On the Subjective Value of Art

On a Facebook thread I was participating in, someone asked me whether I thought there was an inherent value to a film beyond the audience’s reaction.

I found this to be such a bizarre question that it merits its own blog post.

To me, it seems obvious and self-evident that there’s no such thing as an intrinsic value to a piece of art. Artwork only has value to the extent that people value it. I can’t fathom what any other definition of artistic value would even mean.

There is, of course, no standard way to measure just how much an individual cares about a given work of art. But if there were, you could hypothetically add up how much each individual cares to get the precise total of what that artwork is worth.

If a lot of people care strongly about something, then that is a more valuable, and hence better, piece of art than something that a few people only vaguely care about.*

Note that there could be a piece of art that many people simply aren’t aware of, and would care about very strongly if they were exposed to it. Those are artworks that have the *potential* to be valuable. I would argue that the role of the critic is to steer people towards those works. (Or to steer them away from works that would be a waste of their limited time/attention/money, so they can instead focus on something they are more likely to enjoy.) But until a piece of art finds a broad audience, its value is limited to the people who have seen it and are thus able to value it.

When you are discussing “great” movies, you first have to define what you mean by “great.”  This is why I started my Movies We Still Care About series with an explanation of the definition I was using.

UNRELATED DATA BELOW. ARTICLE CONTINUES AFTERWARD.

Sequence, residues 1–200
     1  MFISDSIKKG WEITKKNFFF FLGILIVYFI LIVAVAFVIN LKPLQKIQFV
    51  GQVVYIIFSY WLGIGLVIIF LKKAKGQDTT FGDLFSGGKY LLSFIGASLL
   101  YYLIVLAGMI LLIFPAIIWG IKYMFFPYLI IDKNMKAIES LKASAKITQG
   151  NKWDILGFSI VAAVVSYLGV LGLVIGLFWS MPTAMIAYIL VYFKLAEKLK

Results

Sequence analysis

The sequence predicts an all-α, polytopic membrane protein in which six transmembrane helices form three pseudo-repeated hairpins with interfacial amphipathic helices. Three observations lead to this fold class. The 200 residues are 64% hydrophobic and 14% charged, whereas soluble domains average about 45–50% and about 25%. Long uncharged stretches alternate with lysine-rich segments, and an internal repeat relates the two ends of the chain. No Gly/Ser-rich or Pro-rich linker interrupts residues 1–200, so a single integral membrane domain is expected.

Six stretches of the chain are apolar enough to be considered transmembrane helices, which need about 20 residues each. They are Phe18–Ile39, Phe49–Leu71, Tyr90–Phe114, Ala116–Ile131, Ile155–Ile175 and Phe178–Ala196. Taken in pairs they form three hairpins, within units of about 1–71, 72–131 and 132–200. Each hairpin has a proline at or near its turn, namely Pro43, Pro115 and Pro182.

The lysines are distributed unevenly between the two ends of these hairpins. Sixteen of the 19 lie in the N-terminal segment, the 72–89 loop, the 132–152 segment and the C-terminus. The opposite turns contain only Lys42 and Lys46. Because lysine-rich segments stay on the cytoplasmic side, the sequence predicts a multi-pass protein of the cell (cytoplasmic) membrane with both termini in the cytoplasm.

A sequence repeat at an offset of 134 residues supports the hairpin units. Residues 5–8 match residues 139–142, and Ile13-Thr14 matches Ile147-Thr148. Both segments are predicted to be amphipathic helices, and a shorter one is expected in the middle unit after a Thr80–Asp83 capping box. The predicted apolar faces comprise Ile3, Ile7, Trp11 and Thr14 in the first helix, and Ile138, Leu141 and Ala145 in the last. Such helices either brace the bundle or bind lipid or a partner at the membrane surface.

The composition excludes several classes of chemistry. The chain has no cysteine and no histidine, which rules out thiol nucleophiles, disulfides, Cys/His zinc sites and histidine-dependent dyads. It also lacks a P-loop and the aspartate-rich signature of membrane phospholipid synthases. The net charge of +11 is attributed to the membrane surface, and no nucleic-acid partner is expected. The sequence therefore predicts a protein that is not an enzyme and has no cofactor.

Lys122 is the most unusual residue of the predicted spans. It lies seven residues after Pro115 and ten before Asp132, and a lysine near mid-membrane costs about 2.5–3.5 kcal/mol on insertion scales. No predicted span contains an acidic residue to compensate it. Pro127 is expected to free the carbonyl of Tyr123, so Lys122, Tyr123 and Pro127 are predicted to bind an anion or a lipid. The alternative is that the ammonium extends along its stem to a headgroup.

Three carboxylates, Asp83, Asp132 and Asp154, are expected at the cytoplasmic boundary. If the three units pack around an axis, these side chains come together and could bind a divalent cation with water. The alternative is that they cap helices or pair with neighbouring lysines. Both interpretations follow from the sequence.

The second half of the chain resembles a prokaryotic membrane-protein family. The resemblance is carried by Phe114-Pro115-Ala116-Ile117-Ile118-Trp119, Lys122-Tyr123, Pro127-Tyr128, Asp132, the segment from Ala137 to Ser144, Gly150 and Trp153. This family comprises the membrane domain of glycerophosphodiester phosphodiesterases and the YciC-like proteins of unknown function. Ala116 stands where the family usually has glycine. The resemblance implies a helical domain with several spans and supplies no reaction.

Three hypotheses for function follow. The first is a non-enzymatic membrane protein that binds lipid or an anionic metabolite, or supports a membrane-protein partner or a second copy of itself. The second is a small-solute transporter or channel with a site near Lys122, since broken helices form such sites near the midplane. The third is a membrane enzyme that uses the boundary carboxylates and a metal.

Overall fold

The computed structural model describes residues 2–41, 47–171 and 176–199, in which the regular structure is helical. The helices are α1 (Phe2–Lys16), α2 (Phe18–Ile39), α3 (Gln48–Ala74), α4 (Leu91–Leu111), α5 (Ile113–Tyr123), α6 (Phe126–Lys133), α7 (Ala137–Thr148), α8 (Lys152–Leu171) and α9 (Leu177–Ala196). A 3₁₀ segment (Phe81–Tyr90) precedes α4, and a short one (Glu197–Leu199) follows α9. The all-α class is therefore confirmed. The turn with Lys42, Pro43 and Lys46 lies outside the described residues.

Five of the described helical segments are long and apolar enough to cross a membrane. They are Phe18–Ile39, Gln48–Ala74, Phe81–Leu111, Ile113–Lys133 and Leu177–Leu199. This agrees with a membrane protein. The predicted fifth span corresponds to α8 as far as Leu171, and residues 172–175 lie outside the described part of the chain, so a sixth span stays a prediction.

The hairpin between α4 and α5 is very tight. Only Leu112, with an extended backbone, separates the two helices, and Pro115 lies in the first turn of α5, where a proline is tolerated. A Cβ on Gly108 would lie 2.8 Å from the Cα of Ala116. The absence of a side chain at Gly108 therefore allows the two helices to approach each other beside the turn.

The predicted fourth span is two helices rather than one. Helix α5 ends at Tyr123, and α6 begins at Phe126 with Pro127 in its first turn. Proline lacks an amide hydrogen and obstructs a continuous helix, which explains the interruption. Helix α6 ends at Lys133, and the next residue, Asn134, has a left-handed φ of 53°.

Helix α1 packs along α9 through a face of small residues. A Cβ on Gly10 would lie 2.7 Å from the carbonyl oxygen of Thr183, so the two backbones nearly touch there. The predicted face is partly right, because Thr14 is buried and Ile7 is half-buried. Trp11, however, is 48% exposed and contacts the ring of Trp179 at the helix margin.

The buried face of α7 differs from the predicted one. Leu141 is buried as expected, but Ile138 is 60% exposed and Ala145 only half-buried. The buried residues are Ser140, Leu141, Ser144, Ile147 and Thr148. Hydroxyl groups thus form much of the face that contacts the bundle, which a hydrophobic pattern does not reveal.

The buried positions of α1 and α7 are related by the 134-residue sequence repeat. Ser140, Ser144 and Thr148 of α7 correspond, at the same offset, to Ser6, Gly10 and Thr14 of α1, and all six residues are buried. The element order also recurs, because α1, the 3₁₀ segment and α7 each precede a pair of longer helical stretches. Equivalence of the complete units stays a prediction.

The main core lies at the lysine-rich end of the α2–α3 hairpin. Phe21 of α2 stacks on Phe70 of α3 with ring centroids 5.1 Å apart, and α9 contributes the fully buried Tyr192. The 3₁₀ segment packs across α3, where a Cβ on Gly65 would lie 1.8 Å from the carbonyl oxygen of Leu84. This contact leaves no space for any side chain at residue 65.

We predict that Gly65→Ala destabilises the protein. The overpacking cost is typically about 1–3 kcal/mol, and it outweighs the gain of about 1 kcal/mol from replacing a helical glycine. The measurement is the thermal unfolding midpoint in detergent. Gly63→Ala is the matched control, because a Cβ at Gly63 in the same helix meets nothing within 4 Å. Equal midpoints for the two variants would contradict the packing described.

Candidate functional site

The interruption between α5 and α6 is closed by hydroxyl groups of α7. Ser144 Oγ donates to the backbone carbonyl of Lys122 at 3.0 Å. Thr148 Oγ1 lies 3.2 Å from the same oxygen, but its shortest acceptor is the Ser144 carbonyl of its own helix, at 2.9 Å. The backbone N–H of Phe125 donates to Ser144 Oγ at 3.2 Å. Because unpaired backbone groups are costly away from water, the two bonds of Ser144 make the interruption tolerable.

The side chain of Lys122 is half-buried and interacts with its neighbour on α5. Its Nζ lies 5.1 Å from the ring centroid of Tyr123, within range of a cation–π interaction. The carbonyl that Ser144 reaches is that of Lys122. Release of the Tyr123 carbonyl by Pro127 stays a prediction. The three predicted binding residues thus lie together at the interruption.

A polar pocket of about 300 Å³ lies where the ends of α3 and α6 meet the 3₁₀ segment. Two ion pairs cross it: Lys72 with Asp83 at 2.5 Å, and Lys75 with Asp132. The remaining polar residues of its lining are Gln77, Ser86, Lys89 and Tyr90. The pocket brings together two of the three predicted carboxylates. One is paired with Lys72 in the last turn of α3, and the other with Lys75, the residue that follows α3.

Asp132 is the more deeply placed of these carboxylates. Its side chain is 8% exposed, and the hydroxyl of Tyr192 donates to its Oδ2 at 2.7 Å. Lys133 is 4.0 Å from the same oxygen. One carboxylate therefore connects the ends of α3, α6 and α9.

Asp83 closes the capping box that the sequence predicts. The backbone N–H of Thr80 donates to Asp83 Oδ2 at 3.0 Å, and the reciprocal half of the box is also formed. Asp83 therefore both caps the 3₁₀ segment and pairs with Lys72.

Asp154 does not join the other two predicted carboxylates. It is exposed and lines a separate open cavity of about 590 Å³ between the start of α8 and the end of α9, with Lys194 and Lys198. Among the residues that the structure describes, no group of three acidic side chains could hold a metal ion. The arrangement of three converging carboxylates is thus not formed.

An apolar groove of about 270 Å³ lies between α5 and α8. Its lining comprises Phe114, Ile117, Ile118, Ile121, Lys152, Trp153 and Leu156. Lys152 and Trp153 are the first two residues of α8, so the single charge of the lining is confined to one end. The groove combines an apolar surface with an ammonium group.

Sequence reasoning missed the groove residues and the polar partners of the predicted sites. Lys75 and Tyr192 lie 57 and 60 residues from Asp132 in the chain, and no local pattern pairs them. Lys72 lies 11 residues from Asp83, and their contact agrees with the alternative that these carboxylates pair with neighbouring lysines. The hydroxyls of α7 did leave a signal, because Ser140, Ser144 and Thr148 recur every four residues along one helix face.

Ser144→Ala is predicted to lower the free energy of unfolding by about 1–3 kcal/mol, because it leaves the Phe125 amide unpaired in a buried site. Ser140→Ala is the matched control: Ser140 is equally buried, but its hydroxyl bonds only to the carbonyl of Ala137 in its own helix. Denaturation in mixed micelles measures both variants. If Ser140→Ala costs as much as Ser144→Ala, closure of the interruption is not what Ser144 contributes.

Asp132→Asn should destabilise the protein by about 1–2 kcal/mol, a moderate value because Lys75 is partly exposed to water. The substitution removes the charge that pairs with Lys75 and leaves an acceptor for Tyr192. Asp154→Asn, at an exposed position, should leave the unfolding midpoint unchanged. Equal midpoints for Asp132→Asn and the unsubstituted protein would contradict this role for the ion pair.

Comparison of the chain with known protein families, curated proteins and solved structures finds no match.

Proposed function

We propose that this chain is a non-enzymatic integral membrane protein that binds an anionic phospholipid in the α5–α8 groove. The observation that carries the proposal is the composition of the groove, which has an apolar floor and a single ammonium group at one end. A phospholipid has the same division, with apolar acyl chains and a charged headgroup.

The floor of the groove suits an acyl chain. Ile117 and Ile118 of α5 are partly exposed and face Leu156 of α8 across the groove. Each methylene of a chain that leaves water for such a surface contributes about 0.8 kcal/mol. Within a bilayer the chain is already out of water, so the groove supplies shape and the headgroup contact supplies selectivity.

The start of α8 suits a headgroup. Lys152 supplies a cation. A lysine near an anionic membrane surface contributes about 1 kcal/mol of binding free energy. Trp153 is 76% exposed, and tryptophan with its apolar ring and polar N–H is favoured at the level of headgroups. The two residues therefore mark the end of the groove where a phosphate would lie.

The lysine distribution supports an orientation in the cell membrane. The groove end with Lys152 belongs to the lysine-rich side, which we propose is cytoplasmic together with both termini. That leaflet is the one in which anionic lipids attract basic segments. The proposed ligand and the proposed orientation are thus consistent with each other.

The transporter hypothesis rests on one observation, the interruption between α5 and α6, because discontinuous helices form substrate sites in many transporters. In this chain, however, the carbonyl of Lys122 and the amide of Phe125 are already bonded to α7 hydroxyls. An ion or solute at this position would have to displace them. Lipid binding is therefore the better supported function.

It would certainly be reasonable for someone to include obscure movies that people would love if only they knew about them in his definition of “great.”  (Even though I didn’t in my definition.)

But there are quite a few pieces of art, and film in particular, which are beloved by critics but rejected by mainstream audiences even after the audience is aware of them. At that point, it becomes silly to call these “great” movies. Rather, they are niche movies that only appeal to a limited demographic, with that demographic being “snooty film snobs.”

There’s nothing inherently wrong with niche movies. They are enjoyed by the people who enjoy them. Snooty film snobs are still people, and while their opinions shouldn’t count more than the average person, they also shouldn’t count less.

But it’s silly to proclaim that there’s something wrong with the majority of people who fail to share that niche taste.

A movie is great because people think it’s great. No other definition makes sense.

As to how you go about making a movie that people will think is great, that’s a much more complicated and difficult question. So difficult that the best filmmakers in the world will still fail most of the time.

But when they succeed, it sure is something special.

* Things get more complicated when you try to compare something that a smaller amount of people care about strongly to something that a larger amount of people care about weakly. What’s the aggregate value of an episode of NCIS compared to an episode of Game of Thrones? Without a clear way to measure how much people care about something, there’s no meaningful way to compare the 6 million people that are highly engaged with Game of Thrones to the 17 million people who are for the most part less engaged with NCIS. (Those are the US numbers for the most recent episodes.) Of course if you’re a Game of Thrones fan like me, you think Game of Thrones is obviously better than NCIS.  But it’s not so obvious why your opinion should count more than the larger number of people who watch NCIS and not Game of Thrones.


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